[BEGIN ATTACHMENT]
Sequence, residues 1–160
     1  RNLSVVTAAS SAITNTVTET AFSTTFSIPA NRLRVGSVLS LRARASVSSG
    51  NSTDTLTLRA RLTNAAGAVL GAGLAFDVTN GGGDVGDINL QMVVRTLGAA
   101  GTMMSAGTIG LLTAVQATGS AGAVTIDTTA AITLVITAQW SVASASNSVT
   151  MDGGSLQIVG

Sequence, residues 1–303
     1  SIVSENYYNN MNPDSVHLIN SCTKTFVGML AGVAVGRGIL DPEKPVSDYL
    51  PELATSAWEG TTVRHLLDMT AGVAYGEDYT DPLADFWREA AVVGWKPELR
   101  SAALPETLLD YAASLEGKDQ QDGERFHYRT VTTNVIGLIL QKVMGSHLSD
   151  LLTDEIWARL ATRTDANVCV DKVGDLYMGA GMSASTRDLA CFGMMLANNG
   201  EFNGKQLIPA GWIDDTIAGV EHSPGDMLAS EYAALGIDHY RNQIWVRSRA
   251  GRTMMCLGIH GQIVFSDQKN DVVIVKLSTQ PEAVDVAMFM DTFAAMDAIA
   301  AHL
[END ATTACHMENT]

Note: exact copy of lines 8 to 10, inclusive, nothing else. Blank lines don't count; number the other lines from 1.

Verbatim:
    51  PELATSAWEG TTVRHLLDMT AGVAYGEDYT DPLADFWREA AVVGWKPELR
   101  SAALPETLLD YAASLEGKDQ QDGERFHYRT VTTNVIGLIL QKVMGSHLSD
   151  LLTDEIWARL ATRTDANVCV DKVGDLYMGA GMSASTRDLA CFGMMLANNG